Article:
The latest live-action remake from Disney to hit cinemas is 'Dumbo'.
Directed by Tim Burton, it follows a baby circus elephant with oversized ears. Initially a laughing stock, Dumbo becomes a sensation when it is discovered that he can fly.
The film stars Colin Farrell, Michael Keaton, Danny DeVito, Eva Green, and Alan Arkin.
The original animated feature follows the same storyline but has a much shorter running length - a lean 64 minutes - and fewer characters. Released nearly 80 years ago in 1941, there are understandable differences between it and the new take.
Here are the main changes.
There is a callback to the stork sequence in the new movie whereby Mama Jumbo sees the stork outside her window the night before Dumbo is born. However the 'Look out for Mr. Stork' song and delivering baby animals sequence from the animated movie are done away with entirely. There's also no scene where the stork delivers Dumbo to his mother.
'Song of the Roustabouts'
This number is done away with entirely, to 'Dumbo' 2018's betterment. The lyrics just wouldn't go down well today.
The other elephants
In the original, Dumbo is made fun of and picked on not only by the audience at the circus. The other elephants that share quarters with him and his mother are just as bad, if not worse. However, the characters don't exist in the remake. Moreover, animals don't talk in the new movie either.
Timothy the mouse
Timothy Q. Mouse, who becomes Dumbo's only friend and is a major encouragement for him to learn to fly, is also absent from the new movie. There is a nod to his character in the 2019 film whereby Holt's daughter, Milly, trains mice (one of them even wears a heat like Timothy's). The function of being a support and friend to Dumbo in the new movie is provided by Milly and her brother, Joe.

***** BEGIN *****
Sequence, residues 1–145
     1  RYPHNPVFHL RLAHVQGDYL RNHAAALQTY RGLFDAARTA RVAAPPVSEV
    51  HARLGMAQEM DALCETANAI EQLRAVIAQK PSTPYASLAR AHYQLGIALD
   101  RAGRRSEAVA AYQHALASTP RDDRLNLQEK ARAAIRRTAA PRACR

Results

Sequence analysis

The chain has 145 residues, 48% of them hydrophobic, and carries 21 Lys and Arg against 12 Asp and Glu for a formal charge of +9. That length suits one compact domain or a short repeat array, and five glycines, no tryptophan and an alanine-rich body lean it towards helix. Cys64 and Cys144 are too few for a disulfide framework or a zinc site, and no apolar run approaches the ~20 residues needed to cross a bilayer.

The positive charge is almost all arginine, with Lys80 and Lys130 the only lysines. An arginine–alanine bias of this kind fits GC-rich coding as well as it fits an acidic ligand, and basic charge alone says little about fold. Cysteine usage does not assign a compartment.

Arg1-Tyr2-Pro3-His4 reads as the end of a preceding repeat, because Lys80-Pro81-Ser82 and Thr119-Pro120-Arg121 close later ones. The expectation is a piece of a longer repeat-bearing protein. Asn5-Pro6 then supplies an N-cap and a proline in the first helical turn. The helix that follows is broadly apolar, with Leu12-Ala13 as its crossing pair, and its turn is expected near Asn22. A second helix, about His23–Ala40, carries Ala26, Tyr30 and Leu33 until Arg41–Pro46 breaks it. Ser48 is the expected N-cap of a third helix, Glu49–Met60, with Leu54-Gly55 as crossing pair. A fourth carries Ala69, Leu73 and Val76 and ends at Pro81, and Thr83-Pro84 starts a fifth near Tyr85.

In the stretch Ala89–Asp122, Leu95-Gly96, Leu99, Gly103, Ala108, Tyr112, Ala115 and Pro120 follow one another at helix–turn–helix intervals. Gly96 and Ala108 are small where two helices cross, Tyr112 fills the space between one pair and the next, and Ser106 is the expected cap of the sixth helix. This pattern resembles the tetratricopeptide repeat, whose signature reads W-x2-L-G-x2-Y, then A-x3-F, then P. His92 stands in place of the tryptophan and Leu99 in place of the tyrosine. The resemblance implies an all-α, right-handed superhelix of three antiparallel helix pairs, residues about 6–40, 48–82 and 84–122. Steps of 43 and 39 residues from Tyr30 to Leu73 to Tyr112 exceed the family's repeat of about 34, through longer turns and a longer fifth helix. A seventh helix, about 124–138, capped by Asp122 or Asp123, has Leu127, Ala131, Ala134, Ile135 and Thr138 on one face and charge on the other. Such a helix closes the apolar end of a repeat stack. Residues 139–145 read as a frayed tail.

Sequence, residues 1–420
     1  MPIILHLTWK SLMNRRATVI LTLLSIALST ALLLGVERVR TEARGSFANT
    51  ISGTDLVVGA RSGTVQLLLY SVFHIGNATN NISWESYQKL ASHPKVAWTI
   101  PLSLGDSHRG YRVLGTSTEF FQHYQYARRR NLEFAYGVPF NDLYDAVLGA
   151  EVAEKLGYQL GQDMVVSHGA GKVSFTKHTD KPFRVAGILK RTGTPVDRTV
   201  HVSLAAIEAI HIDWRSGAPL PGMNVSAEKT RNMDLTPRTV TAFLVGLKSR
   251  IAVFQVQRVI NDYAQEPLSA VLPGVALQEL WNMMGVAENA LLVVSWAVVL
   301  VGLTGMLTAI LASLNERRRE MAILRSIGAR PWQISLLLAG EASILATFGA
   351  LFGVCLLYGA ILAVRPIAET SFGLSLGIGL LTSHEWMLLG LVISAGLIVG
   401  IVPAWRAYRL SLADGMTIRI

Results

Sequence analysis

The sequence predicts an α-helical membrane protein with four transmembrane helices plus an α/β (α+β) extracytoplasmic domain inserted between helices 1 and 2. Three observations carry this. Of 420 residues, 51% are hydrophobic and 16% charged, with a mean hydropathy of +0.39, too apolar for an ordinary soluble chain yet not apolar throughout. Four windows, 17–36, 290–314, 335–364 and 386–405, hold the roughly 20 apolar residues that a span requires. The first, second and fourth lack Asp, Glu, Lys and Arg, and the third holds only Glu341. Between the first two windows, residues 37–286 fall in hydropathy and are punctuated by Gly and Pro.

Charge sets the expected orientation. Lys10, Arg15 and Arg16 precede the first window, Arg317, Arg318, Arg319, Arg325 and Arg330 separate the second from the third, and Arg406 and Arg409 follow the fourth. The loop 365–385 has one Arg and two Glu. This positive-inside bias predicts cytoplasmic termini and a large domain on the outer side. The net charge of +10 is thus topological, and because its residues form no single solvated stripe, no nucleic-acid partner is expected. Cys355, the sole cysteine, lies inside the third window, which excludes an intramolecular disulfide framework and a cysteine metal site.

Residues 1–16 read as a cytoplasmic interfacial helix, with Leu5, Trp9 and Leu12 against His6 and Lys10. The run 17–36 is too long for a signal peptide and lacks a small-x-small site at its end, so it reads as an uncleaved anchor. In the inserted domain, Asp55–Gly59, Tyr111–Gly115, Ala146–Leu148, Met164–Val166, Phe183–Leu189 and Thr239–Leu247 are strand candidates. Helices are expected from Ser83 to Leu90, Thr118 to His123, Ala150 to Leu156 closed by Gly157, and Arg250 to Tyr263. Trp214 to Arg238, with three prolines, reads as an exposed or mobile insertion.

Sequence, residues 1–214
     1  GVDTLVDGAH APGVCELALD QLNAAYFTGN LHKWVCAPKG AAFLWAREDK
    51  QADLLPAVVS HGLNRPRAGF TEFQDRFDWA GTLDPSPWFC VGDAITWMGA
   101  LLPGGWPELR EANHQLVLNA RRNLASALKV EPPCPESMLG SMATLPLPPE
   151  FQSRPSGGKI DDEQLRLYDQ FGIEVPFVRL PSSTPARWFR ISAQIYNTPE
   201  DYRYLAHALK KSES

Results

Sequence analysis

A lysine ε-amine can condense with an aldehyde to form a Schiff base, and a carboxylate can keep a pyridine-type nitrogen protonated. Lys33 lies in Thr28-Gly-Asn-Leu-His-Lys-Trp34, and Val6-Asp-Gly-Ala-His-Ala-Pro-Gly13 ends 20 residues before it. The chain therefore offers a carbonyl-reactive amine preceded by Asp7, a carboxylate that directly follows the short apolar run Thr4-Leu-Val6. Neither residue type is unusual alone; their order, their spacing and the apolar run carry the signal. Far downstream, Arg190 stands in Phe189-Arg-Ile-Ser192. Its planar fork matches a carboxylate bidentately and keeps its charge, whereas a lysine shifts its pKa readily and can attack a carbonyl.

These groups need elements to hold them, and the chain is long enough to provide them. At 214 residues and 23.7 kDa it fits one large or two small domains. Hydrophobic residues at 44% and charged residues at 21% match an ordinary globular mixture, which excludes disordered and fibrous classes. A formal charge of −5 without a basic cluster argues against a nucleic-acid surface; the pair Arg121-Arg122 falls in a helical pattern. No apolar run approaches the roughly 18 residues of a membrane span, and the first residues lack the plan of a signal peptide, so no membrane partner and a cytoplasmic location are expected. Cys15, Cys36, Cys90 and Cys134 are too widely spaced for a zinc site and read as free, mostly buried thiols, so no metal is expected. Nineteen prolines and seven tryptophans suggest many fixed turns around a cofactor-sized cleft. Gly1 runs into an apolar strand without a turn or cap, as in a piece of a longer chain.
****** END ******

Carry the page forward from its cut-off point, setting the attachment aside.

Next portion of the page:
It's a shame that 'Pink Elephants on Parade' was excluded from the new movie. After all, in terms of animation, it's a hugely imaginative, innovative sequence. Of course, given it follows Dumbo and Timothy becoming intoxicated, it isn't entirely appropriate. And it is a bit freaky for little children. Once again, the new movie gives something of a nod to it as Dumbo watches an elephant showcase created out of giant bubbles, set to the 'Pink Elephant' music.
Gone are the crows from the 2019 movie and with them, the number 'When I See an Elephant Fly'. Again, it's a representation based on stereotyping that just wouldn't go down well today.
In summary, the new version of 'Dumbo' has changed various elements of the original. In fairness, it's a major improvement on merely rehashing the same winning formula. Moreover, modern times require certain elements of the animation be updated or removed.
Much of the changes are related to the deletion of musical numbers. Notably though, the 2019 movie maintains the film's most popular number 'Baby Mine', which is again sung in the background as Dumbo emotionally reunites with his chained-up mother.
The new 'Dumbo' introduces new (human) characters, to replace old (animal) ones. Through a new story, it delivers the same messages as the original about triumphing over bullies and celebrating differences, as they are what make you special.
Read our review for 'Dumbo' here.